The only ones who quote the "Nordic model" are unfamiliar of the REVERSAL that occurred.

Poverty rates in Sweden are very low compared to the U.S. This is largely because Sweden was committed to ensuring full employment

Big Government Big Welfare / State Socialism only took less than 30 years to bring them down. Now they CUT taxes, reformed welfare, AND: partially privatized pensions, cut regulations, and provided school vouchers.... (Sound Familiar?)

Luckily, instead of "doubling-down" on stupid, they reversed course.


www.bostonglobe.com...



Scandinavia’s hard-left turn didn’t come about until much later. It was in the late 1960s and early 1970s that taxes soared, welfare payments expanded, and entrepreneurship was discouraged.

But what emerged wasn’t heaven on earth.

That 1976 story in Time, for example, went on to report that Sweden found itself struggling with crime, drug addiction, welfare dependency, and a plague of red tape. Successful Swedes — most famously, Ingmar Bergman — were fleeing the country to avoid its killing taxes. “Growing numbers are plagued by a persistent, gnawing question: Is their Utopia going sour?”

Sweden’s world-beating growth rate dried up. In 1975, it had been the fourth-wealthiest nation on earth (as measured by GDP per capita); by 1993, it had dropped to 14th. By then, Swedes had begun to regard their experiment with socialism as, in Sanandaji’s phrase, “a colossal failure.”



www.investors.com...



Sweden has been repealing its welfare state post-crisis. Norberg says the country has become "successful again, but only after a new reform period, with more deregulation and free trade than in other countries." Taxes have been cut, school vouchers allocated, and the pension system partially privatized as Sweden distances itself from its welfare-state past.



reason.com...


Sweden and the other Scandinavian countries have experimented with very big government and semi-socialist ideas. There's just one problem: That experiment coincided almost perfectly with the region's only sustained period of economic decline over the last 100 years.

Sanders' image of Scandinavia is just like the rest of his policies: stuck in the 1970s. Until that decade, Sweden and Denmark had grown much faster than other European countries and had become richer than most other countries on the planet, in large part by limiting government and embracing markets.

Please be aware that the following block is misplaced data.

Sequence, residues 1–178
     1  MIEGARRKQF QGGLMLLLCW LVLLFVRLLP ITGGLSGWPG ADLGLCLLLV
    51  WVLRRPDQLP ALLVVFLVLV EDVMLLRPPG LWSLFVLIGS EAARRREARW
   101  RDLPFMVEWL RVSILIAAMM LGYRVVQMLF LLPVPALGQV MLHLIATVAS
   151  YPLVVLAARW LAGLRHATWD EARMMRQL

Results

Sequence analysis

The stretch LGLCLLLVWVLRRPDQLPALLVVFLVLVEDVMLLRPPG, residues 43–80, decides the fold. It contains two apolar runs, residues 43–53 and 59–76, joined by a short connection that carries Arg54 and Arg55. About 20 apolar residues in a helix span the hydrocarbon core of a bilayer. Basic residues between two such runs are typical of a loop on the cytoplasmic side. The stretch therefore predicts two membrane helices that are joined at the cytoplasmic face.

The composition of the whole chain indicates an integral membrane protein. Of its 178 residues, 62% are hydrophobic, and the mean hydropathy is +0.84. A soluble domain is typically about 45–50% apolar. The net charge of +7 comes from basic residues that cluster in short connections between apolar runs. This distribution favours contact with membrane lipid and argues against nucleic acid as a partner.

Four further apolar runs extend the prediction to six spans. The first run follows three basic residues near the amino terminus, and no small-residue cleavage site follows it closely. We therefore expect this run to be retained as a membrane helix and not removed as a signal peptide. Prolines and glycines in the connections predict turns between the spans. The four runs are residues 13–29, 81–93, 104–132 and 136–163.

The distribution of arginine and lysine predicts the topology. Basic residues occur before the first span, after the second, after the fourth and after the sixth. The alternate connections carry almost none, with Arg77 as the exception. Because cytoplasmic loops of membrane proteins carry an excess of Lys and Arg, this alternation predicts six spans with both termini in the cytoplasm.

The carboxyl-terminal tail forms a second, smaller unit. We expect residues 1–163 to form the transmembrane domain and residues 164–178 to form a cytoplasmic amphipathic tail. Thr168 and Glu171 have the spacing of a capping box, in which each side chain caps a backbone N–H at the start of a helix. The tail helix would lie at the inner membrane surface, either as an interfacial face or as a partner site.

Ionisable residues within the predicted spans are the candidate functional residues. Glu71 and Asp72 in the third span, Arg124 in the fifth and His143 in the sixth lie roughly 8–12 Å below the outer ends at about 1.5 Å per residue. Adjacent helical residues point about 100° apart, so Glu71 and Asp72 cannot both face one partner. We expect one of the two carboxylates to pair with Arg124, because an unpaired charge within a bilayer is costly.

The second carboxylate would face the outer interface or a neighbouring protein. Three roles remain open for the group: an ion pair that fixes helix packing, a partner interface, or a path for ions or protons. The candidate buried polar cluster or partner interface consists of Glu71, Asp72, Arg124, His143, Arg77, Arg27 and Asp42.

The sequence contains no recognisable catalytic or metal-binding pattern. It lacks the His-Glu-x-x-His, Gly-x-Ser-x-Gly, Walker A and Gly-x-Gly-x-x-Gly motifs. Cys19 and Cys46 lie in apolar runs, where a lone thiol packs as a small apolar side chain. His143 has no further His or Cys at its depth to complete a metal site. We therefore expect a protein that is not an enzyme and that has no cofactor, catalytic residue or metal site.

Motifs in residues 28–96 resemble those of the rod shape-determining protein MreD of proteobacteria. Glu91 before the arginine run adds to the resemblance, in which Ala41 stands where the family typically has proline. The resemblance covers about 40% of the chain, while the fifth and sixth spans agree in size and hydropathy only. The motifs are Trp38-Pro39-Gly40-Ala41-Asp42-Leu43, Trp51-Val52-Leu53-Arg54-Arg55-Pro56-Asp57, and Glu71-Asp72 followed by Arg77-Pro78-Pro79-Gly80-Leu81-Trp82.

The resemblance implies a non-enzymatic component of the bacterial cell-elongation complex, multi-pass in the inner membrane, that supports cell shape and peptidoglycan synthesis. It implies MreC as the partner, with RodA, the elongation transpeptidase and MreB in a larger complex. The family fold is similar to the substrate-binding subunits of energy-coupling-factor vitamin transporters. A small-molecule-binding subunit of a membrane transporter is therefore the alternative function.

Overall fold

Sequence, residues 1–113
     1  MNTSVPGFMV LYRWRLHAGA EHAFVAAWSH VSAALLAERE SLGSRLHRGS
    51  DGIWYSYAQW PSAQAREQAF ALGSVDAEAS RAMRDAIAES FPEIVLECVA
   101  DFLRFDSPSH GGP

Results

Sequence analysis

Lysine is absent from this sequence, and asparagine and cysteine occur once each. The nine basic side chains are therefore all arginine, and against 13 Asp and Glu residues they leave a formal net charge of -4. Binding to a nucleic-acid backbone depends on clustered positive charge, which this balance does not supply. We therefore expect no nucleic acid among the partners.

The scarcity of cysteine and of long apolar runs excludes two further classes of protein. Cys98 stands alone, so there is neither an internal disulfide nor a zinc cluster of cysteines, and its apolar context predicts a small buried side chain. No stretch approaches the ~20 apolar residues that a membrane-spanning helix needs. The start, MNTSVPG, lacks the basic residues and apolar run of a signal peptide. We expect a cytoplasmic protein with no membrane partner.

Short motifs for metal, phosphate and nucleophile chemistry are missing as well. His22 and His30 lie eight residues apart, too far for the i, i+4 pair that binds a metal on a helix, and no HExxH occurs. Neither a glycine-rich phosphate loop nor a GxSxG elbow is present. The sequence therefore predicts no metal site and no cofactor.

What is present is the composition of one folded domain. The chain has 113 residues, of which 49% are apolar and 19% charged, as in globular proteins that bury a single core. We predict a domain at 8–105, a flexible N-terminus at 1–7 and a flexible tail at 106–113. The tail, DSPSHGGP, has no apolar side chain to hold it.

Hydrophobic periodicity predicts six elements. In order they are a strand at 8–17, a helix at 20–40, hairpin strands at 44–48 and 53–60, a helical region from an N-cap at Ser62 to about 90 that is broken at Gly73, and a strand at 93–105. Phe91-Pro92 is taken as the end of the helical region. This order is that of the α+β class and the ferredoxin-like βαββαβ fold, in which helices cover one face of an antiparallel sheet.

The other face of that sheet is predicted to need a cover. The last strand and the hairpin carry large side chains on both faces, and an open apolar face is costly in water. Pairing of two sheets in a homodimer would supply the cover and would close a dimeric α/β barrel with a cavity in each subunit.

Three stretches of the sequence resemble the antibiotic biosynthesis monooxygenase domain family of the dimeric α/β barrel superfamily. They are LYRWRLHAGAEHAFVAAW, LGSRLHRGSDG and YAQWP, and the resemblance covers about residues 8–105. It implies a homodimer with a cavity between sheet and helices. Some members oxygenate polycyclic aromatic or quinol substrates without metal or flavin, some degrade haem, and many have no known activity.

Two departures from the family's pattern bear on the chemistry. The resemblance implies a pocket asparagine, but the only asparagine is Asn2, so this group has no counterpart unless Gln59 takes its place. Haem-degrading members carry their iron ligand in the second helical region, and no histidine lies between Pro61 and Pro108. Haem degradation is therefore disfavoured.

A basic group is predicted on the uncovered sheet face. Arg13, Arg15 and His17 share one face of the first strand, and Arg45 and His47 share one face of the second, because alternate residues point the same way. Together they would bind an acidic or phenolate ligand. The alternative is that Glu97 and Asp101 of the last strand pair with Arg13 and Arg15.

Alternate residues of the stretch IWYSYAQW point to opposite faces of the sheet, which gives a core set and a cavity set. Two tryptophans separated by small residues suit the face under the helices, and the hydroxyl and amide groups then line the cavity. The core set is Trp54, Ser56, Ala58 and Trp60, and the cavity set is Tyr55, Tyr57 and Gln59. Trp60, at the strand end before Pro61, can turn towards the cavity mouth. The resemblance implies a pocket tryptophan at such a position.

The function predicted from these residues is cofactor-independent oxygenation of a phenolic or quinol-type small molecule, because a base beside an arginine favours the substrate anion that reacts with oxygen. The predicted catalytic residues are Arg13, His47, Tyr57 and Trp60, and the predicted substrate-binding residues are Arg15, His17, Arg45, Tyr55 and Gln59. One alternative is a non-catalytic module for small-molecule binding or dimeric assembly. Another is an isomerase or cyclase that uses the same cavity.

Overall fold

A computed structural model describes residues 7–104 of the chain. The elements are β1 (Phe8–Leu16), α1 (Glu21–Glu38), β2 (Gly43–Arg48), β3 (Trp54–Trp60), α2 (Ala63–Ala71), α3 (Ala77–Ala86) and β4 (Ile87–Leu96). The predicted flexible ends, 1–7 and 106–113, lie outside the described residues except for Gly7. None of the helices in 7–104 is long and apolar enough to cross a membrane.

www.nationalreview.com...


During the past few decades, the Nordic countries have gradually been reforming their social systems. Taxes have been cut to stimulate work, public benefits have been limited in order to reduce welfare dependency, pension savings have been partially privatized, for-profit forces have been allowed in the welfare sector, and state monopolies have been opened up to the market. In short, the universal-welfare-state model is being liberalized. Even the social-democratic parties themselves realize the need for change. Curiously, the American admirers of Nordic-style democratic socialism pay no heed to any of these facts.



posted on Oct, 5 2017 @ 12:34 AM
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I think the dictator said it best, we don't live in a democracy we live in a dictatorship....




posted on Oct, 14 2017 @ 05:29 AM
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a reply to: grimfandango

So you want a panel of government employees planning your future?,why not think for yourself,too many I see expect everyone to help them,when they were too lazy at the time



posted on Oct, 15 2017 @ 12:22 AM
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a reply to: RomeByFire

We're literally living through the collapse of socialism. Hopefully on the other side, it'll be better.